“I was very happy to beat England, but I never figured we would accomplish something as amazing or good as that,” said Harry Keough, one of the six living members of that team. “I did realize, even though I was 22, the impact of that game. I realized that the English live by this.”

Team David U.S. coach William Jeffrey, a native of Scotland, picked players for that team primarily from Philadelphia and from the mostly Italian part of St. Louis, known as The Hill. Most of the players knew each other, and most were World War II veterans.

Goalkeeper Frank Borghi was a field medic and landed on the Normandy beaches the day after the initial U.S. invasion on June 6, 1944.

Thanks to a few lax eligibility rules, Jeffrey also had three players who were not U.S. citizens. Funds were scarce, and the team had only a few weeks to prepare before departing for Brazil and the 13-team World Cup, the first since 1938.

“We hoped we would not get embarrassed,” said Bahr, whose sons, Matt and Chris, became NFL kickers. “We were not in the class with any of those countries.”

This U.S. team had lost to Italy, Northern Ireland and Scotland by the combined score of 18-0.

But in the opening match of pool play against Spain, the United States led 1-0 with 10 minutes remaining. It went on to lose 3-1.

The Americans then traveled to Belo Horizonte, 350 miles from Rio de Janeiro, for the match against England. At the time, England was to international soccer what the United States once was to international basketball.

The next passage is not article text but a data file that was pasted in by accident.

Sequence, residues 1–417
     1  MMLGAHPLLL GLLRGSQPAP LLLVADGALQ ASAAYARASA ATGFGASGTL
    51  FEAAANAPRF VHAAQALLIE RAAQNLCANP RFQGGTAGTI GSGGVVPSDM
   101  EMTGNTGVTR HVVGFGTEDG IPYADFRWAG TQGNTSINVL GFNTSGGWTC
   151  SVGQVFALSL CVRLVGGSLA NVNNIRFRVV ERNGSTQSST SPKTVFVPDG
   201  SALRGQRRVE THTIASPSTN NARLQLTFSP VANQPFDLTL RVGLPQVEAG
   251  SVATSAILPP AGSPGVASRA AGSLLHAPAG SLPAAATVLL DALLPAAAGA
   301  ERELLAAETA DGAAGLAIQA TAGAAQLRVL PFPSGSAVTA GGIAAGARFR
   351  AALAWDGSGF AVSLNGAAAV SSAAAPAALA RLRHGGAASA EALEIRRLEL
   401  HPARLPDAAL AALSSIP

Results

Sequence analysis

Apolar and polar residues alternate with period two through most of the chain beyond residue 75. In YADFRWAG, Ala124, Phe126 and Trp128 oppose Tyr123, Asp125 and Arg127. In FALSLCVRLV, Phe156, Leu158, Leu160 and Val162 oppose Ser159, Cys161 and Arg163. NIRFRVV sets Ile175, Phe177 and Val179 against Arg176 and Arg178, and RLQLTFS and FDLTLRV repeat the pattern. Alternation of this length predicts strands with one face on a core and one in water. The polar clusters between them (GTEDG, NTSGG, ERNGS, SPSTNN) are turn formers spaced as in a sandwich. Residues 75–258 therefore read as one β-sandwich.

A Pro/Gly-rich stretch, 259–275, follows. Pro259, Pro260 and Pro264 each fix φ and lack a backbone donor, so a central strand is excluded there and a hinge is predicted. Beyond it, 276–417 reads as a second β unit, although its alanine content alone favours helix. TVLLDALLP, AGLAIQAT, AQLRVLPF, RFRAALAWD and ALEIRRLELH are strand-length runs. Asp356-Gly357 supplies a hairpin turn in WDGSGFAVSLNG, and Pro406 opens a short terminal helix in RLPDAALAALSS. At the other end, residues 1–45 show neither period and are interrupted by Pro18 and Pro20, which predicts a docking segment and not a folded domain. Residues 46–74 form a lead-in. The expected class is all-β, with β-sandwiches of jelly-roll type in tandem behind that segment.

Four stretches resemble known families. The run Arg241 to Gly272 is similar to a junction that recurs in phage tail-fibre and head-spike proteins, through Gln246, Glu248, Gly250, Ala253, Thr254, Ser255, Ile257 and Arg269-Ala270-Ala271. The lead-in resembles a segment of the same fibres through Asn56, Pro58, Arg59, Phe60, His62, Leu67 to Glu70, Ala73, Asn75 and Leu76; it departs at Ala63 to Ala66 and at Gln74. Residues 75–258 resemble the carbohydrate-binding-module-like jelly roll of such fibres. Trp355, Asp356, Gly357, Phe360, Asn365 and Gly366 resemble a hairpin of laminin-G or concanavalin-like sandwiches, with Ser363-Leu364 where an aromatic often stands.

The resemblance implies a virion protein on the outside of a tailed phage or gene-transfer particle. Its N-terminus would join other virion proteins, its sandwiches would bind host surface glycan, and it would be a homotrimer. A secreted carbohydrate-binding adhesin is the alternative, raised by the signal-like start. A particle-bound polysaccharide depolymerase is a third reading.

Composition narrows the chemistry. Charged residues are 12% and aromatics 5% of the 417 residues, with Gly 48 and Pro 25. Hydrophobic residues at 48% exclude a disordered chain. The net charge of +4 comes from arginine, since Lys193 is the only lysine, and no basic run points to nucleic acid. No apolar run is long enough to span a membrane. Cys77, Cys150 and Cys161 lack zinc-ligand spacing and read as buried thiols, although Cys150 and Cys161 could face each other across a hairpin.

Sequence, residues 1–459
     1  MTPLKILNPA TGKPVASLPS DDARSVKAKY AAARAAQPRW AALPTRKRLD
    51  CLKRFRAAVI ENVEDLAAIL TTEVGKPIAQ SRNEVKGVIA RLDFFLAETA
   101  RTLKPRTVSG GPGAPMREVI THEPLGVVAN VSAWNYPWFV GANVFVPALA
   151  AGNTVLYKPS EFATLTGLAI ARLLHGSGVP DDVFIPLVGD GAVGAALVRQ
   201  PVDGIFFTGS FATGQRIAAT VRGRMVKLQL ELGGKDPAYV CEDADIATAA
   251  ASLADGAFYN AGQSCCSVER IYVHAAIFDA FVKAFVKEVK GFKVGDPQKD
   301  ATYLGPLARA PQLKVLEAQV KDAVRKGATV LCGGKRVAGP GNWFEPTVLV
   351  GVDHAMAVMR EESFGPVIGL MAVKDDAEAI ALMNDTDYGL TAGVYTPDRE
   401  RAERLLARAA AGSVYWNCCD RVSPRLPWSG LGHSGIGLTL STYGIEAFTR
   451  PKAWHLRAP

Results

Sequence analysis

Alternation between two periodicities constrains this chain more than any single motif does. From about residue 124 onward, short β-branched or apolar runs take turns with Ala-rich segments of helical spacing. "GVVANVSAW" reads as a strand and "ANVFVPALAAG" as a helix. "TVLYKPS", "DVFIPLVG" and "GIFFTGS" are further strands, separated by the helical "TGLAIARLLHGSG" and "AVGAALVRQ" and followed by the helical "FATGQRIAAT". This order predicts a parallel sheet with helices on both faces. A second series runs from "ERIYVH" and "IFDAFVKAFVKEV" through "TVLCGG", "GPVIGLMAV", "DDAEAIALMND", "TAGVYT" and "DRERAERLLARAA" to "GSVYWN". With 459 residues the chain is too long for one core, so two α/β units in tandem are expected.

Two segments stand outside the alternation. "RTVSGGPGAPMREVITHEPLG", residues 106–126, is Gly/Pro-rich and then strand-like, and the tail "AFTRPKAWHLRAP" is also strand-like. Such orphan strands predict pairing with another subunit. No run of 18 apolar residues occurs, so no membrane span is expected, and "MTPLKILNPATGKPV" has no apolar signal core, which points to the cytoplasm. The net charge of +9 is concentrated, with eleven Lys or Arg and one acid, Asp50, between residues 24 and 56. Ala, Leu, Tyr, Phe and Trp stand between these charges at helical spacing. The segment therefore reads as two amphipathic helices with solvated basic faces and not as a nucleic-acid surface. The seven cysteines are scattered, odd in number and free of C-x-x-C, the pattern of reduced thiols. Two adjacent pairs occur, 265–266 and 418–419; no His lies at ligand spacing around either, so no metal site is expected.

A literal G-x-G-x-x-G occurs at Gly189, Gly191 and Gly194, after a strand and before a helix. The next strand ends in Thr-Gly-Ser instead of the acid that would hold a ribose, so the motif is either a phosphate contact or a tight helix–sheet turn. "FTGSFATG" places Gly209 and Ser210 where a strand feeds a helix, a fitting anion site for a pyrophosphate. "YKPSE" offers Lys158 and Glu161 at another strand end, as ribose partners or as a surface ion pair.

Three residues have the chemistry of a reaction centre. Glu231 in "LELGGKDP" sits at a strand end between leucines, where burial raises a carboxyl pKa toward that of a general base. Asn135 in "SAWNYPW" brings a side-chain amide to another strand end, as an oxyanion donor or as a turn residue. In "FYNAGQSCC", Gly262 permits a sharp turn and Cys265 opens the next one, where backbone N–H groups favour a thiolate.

The British team, much like the U.S. Dream Team in basketball, was a collection of all-stars who were expected to win. In 1947, England defeated The Rest of Europe 6-1. The English were such prohibitive favorites British bookies didn’t set odds on the match.

On a sunny day — June 29, 1950 — the U.S. team trotted out in front of 30,000 pro-American fans at Mineiro Stadium. There were few Americans in the crowd and maybe 300 or so Brits, most of whom worked at a nearby mine.

The rest were futbol-mad Brazilians who badly wanted to see the Brits lose. A loss by England would have set up a more favorable matchup for the Brazilian national team.

“We felt we could give England a run for their money, but you have to be realistic,” Keough said.

From the start, England attacked and attacked. Borghi, blessed with a quiet demeanor but big hands, established himself early by coming out to repeatedly cut down crosses. Unlike games played today, when lesser-talented teams use a defensive tactic and seldom attack, both teams forced the issue.

In the 38th minute, Bahr sent a shot he thought he “hit pretty good” toward the net from 12 yards outside the penalty area. English keeper Bert Williams had a good read on it and came out to play the ball.

But as he set up, U.S. forward Joe Gaetjens — a native of Haiti — came across to head the ball

“I don’t know how he got his head on it,” Keough said. “Had he headed it solidly, it was going toward the corner flag.”

But Gaetjens’ head barely touched the shot, slightly changing the ball’s trajectory, and stunning Williams as it sailed past him into the net.

“It was one of the most uncanny goals you would ever see,” Borghi said.